Over the past few days, feuding letters have been sent out regarding the ongoing (and very regrettably public) negotiations between Hachette and Amazon. On August 8th a group of authors, consisting of those published by Hachette and those who are not, published an open letter in the New York Times encouraging Amazon to work in the best interest of authors and readers, and back down on its demands. That was also on a website titled “Authors United.”
Recently, Amazon responded with an open letter to readers, on a website entitled (I’m sure not combatively) “Readers United”, complete with the email address of Hachette CEO Michael Pietsche, about why their position is better. There is an auto-response from Pietsche to anyone who emails him, with his own letter of response about their position, which can be read here.
In the opposite direction, an open petition telling Hachette to give up its position has collected over 8,000 signatures on change.org.
So here’s my open letter to individuals, regardless of being an author, readers, or otherwise.
I agree with Amazon that lower prices helps result in better sales. My publisher, Untreed Reads, prices its books at $4.99 across all retailers. And I agree that the rise in epublishing has lowered the overall costs in both book publishing and book sales.
But publishing a book electronically has many other costs and concerns. Most notably, the costs of marketing a book has become increasingly difficult in a very saturated place to get noticed. There have always been challenges in doing this, no matter the technologies, and while the challenges today are different than they were even 15 years ago, that does not mean that meeting the challenges aren’t difficult and potentially expensive.
Lower prices for everything would be awesome, but it doesn’t always work that way.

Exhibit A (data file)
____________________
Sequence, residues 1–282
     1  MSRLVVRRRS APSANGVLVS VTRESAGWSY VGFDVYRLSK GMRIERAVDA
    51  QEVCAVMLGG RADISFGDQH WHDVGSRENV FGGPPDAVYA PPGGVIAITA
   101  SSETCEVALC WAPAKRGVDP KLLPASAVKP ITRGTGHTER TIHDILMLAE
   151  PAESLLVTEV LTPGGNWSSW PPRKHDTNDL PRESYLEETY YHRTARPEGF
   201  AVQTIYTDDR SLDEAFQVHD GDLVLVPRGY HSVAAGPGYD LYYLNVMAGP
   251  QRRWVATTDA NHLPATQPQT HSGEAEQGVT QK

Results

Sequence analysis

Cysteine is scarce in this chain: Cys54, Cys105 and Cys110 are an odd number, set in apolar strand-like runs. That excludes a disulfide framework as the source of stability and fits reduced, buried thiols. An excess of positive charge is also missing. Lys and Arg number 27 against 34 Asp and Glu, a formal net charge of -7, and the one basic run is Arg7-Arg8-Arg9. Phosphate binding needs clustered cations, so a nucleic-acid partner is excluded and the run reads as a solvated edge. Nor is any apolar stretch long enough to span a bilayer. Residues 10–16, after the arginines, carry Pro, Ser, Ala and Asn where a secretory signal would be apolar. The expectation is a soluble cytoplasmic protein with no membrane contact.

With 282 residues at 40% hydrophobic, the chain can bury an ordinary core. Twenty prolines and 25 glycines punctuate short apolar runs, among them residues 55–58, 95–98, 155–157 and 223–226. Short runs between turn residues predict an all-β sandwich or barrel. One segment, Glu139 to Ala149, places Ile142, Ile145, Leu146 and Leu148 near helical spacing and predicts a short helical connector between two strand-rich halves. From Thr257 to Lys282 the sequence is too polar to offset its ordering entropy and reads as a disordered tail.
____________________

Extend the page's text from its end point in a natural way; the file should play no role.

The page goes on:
What I personally believe is that the publishers of any kind of content should be able to set their own prices.
Amazon’s letter speaks in terms of high-volume sales, where books sell in the hundreds of thousands. Not all books have those numbers. My novel, To Hell With Fate; or, Why The Best Valentine’s Gifts Come From Mini-Marts, has yet to reach the point where I could discuss sales in the multiples of hundred, much less using the word hundreds to describe the multiples of another larger number.
At the level where I am at, the costs of running my website are higher than the profit I make on my royalties. Much less my personal attempts to advertise. If I do a reading, it is very possible that the costs of fuel and parking might outweigh my royalties for the quarter.
At that level, my numerical sales are not heavily impacted by price. After all, my book is half the price of Amazon’s desired price level. I haven’t seen a level of sales that Amazon likes to talk about by having a very inexpensive book. A couple of extra dollars per copy makes a very big difference to the many authors at my level.
But, it is my choice to work with a publisher who prices books at a lower price.
It is my choice. Not Amazon’s or anyone else’s.
That is why, in general, I have more support of Hachette’s position. I still think many parts of the publishing industry are stuck in the past, and would love to see newer ways to outreach to readers and enable authors. But in this particular dispute, that is my opinion.
That said, Amazon has chosen to put authors in the middle of this dispute. By withholding certain authors’ presales and delaying deliveries, Amazon put this conflict in a very personal level for me, even if it wasn’t me being affected. And then, in their open letter, Amazon has tried to put the blame on Hachette for this, trying to use those authors as an emotional point for people to support them.
I do not find this appealing at all.
Due to this, I am taking my own action.
While I will continue to honor my reader’s choice of where they wish to purchase books, I will place Amazon in the lowest level of priority on my own pages where people can find links of where to buy my books. I am also adding a note as to why I am doing this, encouraging readers to purchase from elsewhere, that also support Kindle e-readers.
I realize the absurdity of this. As I noted before, my sales can’t even be listed in the plural of hundred yet. Even if they did, the impact on Amazon’s bottom line would be negligible. But It is what I can do, so I will do it. But if you’re also an author, I encourage you to do the same. A lot of people doing small things can build to something bigger.
And if you’re a reader, I encourage you to explore the many other options for buying books, electronically and otherwise. I’m hardly Ayn Rand, but there are some powers the free market has. Please use it.